OSWS will request a budget of $53 million in 2008. Some of that money has been earmarked for cost-cutting technology. “We want to install onboard computers and GPS tracking systems,” Owens says. “We want our crews to begin reporting on conditions in the field while they are there.”

In addition, Owens wants to use the GPS system to begin to automate routing, which is now done manually.

DPW also has beefed up its equipment maintenance routine, with the goal of keeping the trucks on the road. The Office of Motor Transport Services, which is part of DPW, oversees vehicle maintenance.

While drivers and laborers carry out pre- and post-trip inspections, mechanics at the OSWS truck yards now make pre-trip repairs as well as regular maintenance repairs. As a result, the availability of fully operational equipment has improved.

Atlanta also cut its yard trimming disposal costs in half this year. Georgia requires that yard trimmings be collected and disposed of separately from solid waste. That has become expensive. Atlanta collects 30,000 to 40,000 tons of yard trimmings per year, disposing of the material at regional compost facilities. Tipping fees for green waste currently rose to $30 per ton last year and are projected to increase to $40 per ton in the near future.

“As a result of rising disposal costs, we looked for and found a disposal alternative last year,” Swope says. “We began processing green waste into fuel for local mills and manufacturing plants.”

According to Swope, the cost of processing yard trimmings into usable fuel totals only half as much as tipping at compost facilities. “The idea has not only cut our costs in half, it has also helped local industry to use less fossil fuel,” he says.

Moving Facilities

Atlanta also has undertaken an initiative that will eventually relocate its solid waste facilities more efficiently to city neighborhoods. In some instances, solid waste facilities have been located in the same place for as long as 30 years, Scott says. During that time, the city has evolved and grown. Now comes the challenging task of fitting facilities into new commercial and residential communities.

In planning relocations, Scott has been thinking about how the post office locates its low profile facilities in communities. Post office locations usually have stores where residents can purchase stamps and other supplies. They also have mailboxes where residents can drop off mail. And, of course, many locations have parking lots for trucks.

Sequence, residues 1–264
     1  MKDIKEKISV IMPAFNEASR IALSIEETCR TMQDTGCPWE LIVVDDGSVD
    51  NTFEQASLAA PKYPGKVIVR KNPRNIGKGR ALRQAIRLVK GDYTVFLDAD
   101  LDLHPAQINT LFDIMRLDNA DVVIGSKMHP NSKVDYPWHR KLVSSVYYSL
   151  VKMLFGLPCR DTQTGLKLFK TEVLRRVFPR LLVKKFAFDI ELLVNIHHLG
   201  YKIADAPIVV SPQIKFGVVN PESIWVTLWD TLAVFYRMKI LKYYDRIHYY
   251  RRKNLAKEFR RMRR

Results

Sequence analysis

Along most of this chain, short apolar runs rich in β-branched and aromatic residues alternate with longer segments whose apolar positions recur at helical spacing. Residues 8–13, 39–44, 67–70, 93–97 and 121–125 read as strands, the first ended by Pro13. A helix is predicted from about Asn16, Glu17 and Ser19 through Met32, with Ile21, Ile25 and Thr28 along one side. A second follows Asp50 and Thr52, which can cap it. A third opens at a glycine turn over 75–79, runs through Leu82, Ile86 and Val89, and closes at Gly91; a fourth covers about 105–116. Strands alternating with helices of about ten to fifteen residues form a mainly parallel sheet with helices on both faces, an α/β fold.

“We're absolutely serious about the analogy,” Scott says. “We're envisioning facilities that serve their communities with things like recycling drop-off stations. If we want people to recycle, we have to make it convenient to where they live and work.”

Scott and his solid waste team are considering designing a number of convenience centers for different communities in Atlanta. Each would provide services tailored to community needs. One might offer yard waste and recycling drop-off services. Another might offer drop-off facilities for hazardous household wastes.

Over the past two years, OSWS has hosted 30 community meetings across the city to engage residents in the process of planning relocations.

Commissioner Scott views Atlanta's recycling and other solid waste initiatives in a larger context: “Atlanta is growing by leaps and bounds,” he says. “As a result, we have to change our concept of solid waste disposal. The decisions that we make today will set the course years into the future. We have to begin thinking of ourselves as caretakers of the Earth. In that light, a goal of zero waste in 50 years is important and realistic, especially if we work toward that goal as a community.”

Michael Fickes is a contributing writer based in Cockeysville, Md.

WELCOME TO Metro Atlanta

Atlanta itself is home to about 500,000 people. The city and the surrounding area combine to create the ninth-largest metropolitan area in the country. Approximately 4.9 million people live in metro Atlanta.



  • Atlanta collects 150,000 tons of residential solid waste per year, along with 750 tons of solid waste from institutional and public buildings. Private contractors collect commercial solid waste.

  • The city contracts with Atlanta-based Dreamsan to collect residential recyclables. The firm gathers about 7,000 tons of recyclables per year through single-stream collection services.

  • Two privately owned transfer stations accept waste collected by the city and send it to landfills in Ball Ground, Ga., and Griffin, Ga., both of which are about 50 miles from Atlanta.

  • Atlanta's solid waste fleet consists of 147 pieces of heavy equipment, including 70 semi-automated rear loaders, 11 mini-packers, nine knuckle booms, 12 rubber tire loaders, six dump trucks, and 11 front loaders. The remaining equipment includes roll offs, street sweepers, and open body crew cabs. Crane Carrier supplies the truck chasses, while Leach supplies the bodies.

  • Atlanta's Office of Solid Waste Services has achieved a 99.8 percent on-time collection rate.



Atlanta's Office of Solid Waste Services (OSWS) employs six safety officers and a safety committee as part of a labor-management partnership. The officers and the committee monitor and promote safe waste collection and handling. As a result of their efforts, the OSWS reduced the number of employee injuries by 11 percent from 2005 to 2006. During the same period, the number of workers' compensation claims declined by 66 percent and workdays lost due to injury decreased by 77 percent.